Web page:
8. African Union (AU) Summit

8.1. Cabinet welcomed the outcome of the 35th AU Summit held in Addis Ababa, Ethiopia on 5 and 6 February 2022, which sought to advance peace and security on the continent and strongly condemned unconstitutional changes of governments in Africa.

8.2. South Africa presented the Africa Governance Report 2021 to the AU Assembly, which noted progress in consolidating democracy and moving towards economic integration through the African Continental Free Trade Area. It also recommended that leaders take urgent steps to address drivers of instability such as growing youth unemployment, extremism, mass migration and deepening inequality.

8.3. In setting a new public health order for the continent, the summit endorsed South Africa’s concept to establish an African pandemic response fund and proposals on how the continent can cushion itself from any further health shocks.

8.4. Cabinet also welcomed the election of South Africa into the AU Peace and Security Council (AUPSC). The AUPSC is the standing decision-making organ of the AU for the prevention, management and resolution of conflicts. It is a collective security and early warning arrangement intended to facilitate timely and efficient responses to conflict and crisis situations in Africa. It is also the key pillar of the African Peace and Security Architecture, which is the framework for promoting peace, security and stability in Africa. The AUPSC comprises 15 members with equal voting powers.

8.5. African leaders will convene in Brussels, Belgium for the sixth European Union-AU Summit on 17 and 18 February 2022, which will focus on concerns facing the world such as climate change, and the renewal of peace and security.

9. African Peer Review Mechanism (APRM)

9.1. South Africa has concluded its two-year chairship of the African Peer Review Forum, a structure of the APRM, which aims to promote and protect human rights, consolidate democracy and advance good governance and the rule of law among African countries.

9.2. In its 2021 peer review assessment, South Africa received favourable reviews for the rule of law, oversight bodies like Chapter 9 institutions, the advancement of women’s rights, strong refugee protection and the evolution of our electoral system, strong corporate governance, open budget processes and for the proliferation of corporate social responsibility initiatives. The country was also cited for its leadership and management of the COVID-19 pandemic.

9.3. The areas of concern raised in the assessment – such as rising inequality and unemployment, corruption, incidents of xenophobia and poor service delivery – are being addressed in our planning and government programmes.

10. SADC Media Awards

10.1. Cabinet encouraged South African media to submit their entries for the 2022 SADC Media Awards competition. The awards promote regional integration and cooperation and recognise excellence in journalism in the area of print, photo, television and radio, and encourage media practitioners in member states to cover issues pertaining to the region.

10.2. The first prize winners will be announced on the margins of the 42nd SADC Summit of Heads of State and Government. The forms and rules of the 2022 competition can be found at www.gcis.gov.za/newsroom/media-releases/launch-2022-sadc-media-awards-co.

11. Education

11.1. Cabinet commended the Class of 2021 and thanked everyone who contributed to the achievement recorded by learners despite the challenges presented by COVID-19. A total of 897 163 candidates wrote the 2021 National Senior Certificate (NSC) examination, an increase of 23,6% in 2020.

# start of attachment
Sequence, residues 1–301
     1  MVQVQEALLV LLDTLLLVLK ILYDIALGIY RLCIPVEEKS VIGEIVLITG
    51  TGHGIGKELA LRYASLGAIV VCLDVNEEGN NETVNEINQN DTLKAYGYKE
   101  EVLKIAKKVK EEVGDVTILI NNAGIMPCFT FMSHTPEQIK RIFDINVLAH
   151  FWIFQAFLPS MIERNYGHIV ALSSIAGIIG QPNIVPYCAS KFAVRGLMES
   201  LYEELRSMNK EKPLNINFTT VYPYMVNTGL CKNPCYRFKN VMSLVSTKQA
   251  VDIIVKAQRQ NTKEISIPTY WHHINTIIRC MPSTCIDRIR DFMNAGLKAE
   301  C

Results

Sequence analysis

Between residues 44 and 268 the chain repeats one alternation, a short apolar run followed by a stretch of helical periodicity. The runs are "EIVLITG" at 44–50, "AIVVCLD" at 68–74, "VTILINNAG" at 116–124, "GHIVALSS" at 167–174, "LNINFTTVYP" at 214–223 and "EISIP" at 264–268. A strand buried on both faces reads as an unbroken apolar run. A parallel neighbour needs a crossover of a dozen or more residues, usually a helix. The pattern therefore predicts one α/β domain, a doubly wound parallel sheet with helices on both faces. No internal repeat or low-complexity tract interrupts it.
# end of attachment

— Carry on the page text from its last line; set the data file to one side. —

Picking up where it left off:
11.2. The 2021 NSC pass rate of 76,4%, with 256 000 learners eligible for university entrance, is an improvement of 0,2% from the 76,2% pass rate by the Class of 2020.

11.3. Cabinet wished all the learners well as they embark on their respective post-schooling years. Through the National Student Financial Aid Scheme, government financially supports academically deserving students from poor and working-class families who wish to study at a university or Technical and Vocational Education and Training college.

B. CABINET DECISIONS

1. Biannual performance progress reports

1.1. Cabinet approved the biannual performance progress reports for the period from 1 April to 30 September 2021. The reports form part of the Medium-Term Strategic Framework 2019-2024. Cluster departmental reports focus on the seven priorities of government and related interventions of the sixth administration.

1.2. Cabinet welcomed the areas wherein there was progress on the set-out targets for the period under review. It also noted the intervention plans to address delays in achieving some of the targets.

1.3. A series of Ministerial cluster media briefings will be arranged through the GCIS to allow departments to unpack these performance reports.

2. Submission of South Africa’s Pleistocene Occupation sites for nomination as World Heritage sites

2.1. Cabinet approved the submission of six Emergence of Modern Humans: Pleistocene Occupation sites for consideration and inscription as World Heritage sites. Three of these are in the Western Cape (Diepkloof Rock Shelter; Pinnacle Point Site Complex and Blombos Cave); one in the Eastern Cape (Klasies River Caves) and two in KwaZulu-Natal (Sibhudu Cave and Border Cave).

These sites, which collectively contribute to the understanding of the evolution of humankind, have already been declared as National Heritage sites in terms of the National Heritage Resources Act, 1999 (Act 25 of 1999). They showcase the long sequences of human occupation over tens of thousands of years with evidence dating to the period of the emergence of modern humans.

2.2. The submission of these sites is aligned to World Heritage Convention Act, 1999 (Act 49 of 1999), which provides for countries to make these submissions as part of the global understanding of the evolution of humans.

3. Extension of the National State of Disaster

3.1. Cabinet was apprised on the work that has been undertaken through the National Joint Operational and Intelligence Structure to determine the extent to which the management of the COVID-19 pandemic still required the existence of the National State of Disaster. Inputs were received from various government departments to determine their respective areas of work that are at an advance stage of completion.